Downed F-16 Doesn’t Alter Israel’s Air Dominance
OpinionFrom the Center for Israel Education

Downed F-16 Doesn’t Alter Israel’s Air Dominance

The IAF has built a powerful aerial fleet through training and a long technology partnership with the U.S.

An F-16I Sufa fighter-bomber (right), like the one shot down Saturday, Feb. 10, flies near Israel’s first F-35 Adir in December 2016. Lockheed Martin produces both aircraft. (Israeli Air Force photo)
An F-16I Sufa fighter-bomber (right), like the one shot down Saturday, Feb. 10, flies near Israel’s first F-35 Adir in December 2016. Lockheed Martin produces both aircraft. (Israeli Air Force photo)

Syrian forces recently shot down an Israeli fighter jet with anti-aircraft missiles after an Israeli Air Force raid on Iranian military infrastructure in Syria.

The downed jet, an American-built F-16I Sufa, manufactured by Lockheed Martin, was one of Israel’s many high-tech fighter jets.

An event widely discussed in media outlets worldwide, the downing of an Israeli jet is a rare occurrence in Arab-Israeli bouts of combat. According to The New York Times, enemy fire had not claimed an Israeli fighter jet since the early 1980s, when Israel was fighting the Palestine Liberation Organization and other militants in Lebanon.

Israel has one of the most advanced air forces in the world. In part, the IAF’s success reflects the highly rigorous training and competitive vetting processes that Israeli fighter pilots have to go through. Also crucial to the IAF’s international pre-eminence is its modern fleet of fighter jets, most of which were manufactured in the United States.

Further, many of these jets have been reverse-engineered by Israeli technicians and engineers to accommodate the unique needs of the IAF, creating some of the most technologically advanced aircraft in the world. These Israeli improvements to American technologies are often shared with the U.S. defense establishment through regular technology exchanges that date back to the late 1960s.

The relationship between the United States and Israel that has fostered the development of this world-class fleet of military aircraft has been a work in progress. Before the late 1960s, the United States was apprehensive about providing any military equipment to Israel, especially advanced aircraft. (An exception to this rule was in 1962 when the Kennedy administration supplied Israel with Hawk anti-aircraft missiles, a defensive weapon.)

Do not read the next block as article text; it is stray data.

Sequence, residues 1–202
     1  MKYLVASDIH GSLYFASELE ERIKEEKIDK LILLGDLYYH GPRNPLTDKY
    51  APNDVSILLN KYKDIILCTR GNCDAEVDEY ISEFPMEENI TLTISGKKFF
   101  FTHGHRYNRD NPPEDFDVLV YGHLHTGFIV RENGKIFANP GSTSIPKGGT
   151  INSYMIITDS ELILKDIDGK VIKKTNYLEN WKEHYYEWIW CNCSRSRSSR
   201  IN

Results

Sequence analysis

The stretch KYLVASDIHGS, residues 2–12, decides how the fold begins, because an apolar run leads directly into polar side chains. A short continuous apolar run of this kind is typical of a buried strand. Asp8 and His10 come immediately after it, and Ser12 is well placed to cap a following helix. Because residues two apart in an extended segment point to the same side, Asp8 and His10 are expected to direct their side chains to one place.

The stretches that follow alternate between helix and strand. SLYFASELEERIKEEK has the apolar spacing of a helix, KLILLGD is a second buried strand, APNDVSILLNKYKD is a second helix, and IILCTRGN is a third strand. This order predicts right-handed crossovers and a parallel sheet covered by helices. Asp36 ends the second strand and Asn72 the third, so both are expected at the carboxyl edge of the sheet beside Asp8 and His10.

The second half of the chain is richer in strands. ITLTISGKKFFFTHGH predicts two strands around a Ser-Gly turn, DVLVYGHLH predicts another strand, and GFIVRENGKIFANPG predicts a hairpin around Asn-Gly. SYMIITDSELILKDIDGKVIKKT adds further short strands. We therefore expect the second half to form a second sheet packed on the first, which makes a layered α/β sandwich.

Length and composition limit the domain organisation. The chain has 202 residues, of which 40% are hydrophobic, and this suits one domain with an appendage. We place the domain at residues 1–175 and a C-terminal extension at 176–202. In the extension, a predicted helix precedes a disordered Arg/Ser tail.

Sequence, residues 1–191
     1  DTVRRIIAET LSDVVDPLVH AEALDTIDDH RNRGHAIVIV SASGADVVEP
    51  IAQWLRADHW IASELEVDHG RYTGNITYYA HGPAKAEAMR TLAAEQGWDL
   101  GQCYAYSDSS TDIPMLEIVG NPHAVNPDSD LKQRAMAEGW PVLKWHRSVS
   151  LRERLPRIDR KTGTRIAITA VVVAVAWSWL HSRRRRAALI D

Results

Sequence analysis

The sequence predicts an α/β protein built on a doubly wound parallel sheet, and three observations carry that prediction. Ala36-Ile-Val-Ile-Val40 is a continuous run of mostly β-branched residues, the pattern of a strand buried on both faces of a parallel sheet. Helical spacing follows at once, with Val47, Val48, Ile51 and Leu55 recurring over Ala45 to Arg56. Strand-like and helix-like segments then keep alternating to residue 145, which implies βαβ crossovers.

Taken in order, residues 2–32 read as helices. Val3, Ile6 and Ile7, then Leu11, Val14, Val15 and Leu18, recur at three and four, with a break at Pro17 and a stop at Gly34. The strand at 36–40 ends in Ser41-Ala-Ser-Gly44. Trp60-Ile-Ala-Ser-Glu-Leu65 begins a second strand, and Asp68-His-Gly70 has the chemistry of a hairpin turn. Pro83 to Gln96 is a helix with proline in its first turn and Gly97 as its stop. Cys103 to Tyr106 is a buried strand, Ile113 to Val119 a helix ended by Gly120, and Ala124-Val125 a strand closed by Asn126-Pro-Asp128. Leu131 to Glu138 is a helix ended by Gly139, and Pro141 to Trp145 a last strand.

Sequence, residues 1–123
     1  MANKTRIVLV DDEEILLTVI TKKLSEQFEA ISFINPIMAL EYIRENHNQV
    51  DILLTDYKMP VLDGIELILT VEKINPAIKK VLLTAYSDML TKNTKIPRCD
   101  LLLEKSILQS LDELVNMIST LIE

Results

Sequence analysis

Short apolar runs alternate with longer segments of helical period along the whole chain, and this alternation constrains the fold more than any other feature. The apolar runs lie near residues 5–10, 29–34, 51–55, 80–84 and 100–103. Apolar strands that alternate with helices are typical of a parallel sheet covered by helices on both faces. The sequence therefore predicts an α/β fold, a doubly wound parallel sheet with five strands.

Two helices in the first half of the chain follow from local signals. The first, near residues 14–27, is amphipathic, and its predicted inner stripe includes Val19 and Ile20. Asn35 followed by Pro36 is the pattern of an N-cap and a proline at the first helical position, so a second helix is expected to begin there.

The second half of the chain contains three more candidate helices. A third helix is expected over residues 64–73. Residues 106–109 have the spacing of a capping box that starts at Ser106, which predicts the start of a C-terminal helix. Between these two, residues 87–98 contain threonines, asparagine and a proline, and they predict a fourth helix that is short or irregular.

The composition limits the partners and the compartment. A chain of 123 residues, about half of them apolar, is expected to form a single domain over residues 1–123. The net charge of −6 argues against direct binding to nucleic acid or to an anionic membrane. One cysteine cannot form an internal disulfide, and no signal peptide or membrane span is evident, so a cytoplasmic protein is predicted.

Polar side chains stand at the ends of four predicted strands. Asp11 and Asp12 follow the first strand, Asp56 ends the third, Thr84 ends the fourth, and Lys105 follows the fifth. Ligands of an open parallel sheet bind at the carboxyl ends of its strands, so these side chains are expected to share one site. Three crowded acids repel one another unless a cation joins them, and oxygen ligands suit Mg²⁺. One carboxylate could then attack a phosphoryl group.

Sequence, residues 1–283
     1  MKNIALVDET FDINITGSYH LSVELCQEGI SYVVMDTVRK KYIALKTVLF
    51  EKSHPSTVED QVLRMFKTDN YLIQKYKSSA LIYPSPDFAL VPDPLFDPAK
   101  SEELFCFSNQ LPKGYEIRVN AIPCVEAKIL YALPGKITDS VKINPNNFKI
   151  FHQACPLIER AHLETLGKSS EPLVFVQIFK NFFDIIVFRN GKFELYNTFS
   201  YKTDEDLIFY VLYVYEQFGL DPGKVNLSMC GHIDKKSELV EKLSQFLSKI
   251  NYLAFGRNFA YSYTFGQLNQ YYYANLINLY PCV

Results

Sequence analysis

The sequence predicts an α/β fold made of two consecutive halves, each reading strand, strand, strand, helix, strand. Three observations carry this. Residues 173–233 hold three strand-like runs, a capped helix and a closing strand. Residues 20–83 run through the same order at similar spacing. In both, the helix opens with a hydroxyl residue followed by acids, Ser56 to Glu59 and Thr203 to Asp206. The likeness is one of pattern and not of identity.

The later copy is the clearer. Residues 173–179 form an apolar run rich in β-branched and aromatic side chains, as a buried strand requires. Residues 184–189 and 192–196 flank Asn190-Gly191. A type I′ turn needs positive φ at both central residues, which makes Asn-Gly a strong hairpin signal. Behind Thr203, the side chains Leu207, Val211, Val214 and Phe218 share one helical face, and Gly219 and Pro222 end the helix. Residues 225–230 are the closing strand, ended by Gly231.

The calculus behind this hesitance was that U.S. officials feared that providing Israel advanced arms would spark China and the Soviets to provide similar technology to Arab states, catalyzing an arms race in the Middle East. Accordingly, Israel looked elsewhere for crucial military technology in the early years of the state.

Surrounding the 1948 War of Independence, Israel’s military planes consisted largely of Czech-supplied aircraft and donated or pieced-together British and American planes left from WWII.

After winning the 1948 war and developing strategic coordination with the French and British governments related to the 1956 Suez campaign, Israel acquired dozens of advanced, French-manufactured fighter jets.

Those French aircraft made up the majority of Israel’s fleet during the many infamous dogfights and air attacks that took place over the six days of the June 1967 war. Similarly, Israel attained hundreds of British-made Centurion tanks during this period, which likewise bolstered its strategic capacity for the 1967 war.

After that war, France, under the leadership of Charles de Gaulle, cut Israel off from purchasing military technology. But in 1968, President Lyndon Johnson, impressed with Israel’s military prowess in 1967, agreed to sell Israel U.S.-manufactured F-4 fighters and A-4 bombers.

A substantial upgrade, those jets gave Israel a qualitative edge over her belligerent neighbors. Further, the technological improvements that Israel made to these jets were shared with the Americans, who used those aircraft upgrades during the Vietnam War.

Despite the American aviation technology available in the 1970s and early ’80s, Israel developed and manufactured its own fighter jets because it wanted to be self-reliant and potentially a player in the military aircraft export industry.

Israel Aerospace Industries, established in 1953, began to produce the Kfir, Nesher and Lavi jets. While these aircraft were designed with the specific needs of the IAF in mind and performed well in air tests, they were prohibitively expensive to produce. By the late 1980s, the Israeli government decided it was easier and significantly cheaper to rely on the United States for advanced military aircraft, including combat helicopters.

Today, the IAF’s fleet includes American-made F-15s and F-16s and, as of 2016, the U.S. military’s most advanced fighter, the F-35.

While the rare loss of an Israeli jet to enemy fire is a blow to the IAF’s combat record, Israel still maintains the strongest, most advanced and best-equipped air force in the region.

Eli Sperling is the Israel specialist and assistant program coordinator for the Center for Israel Education.

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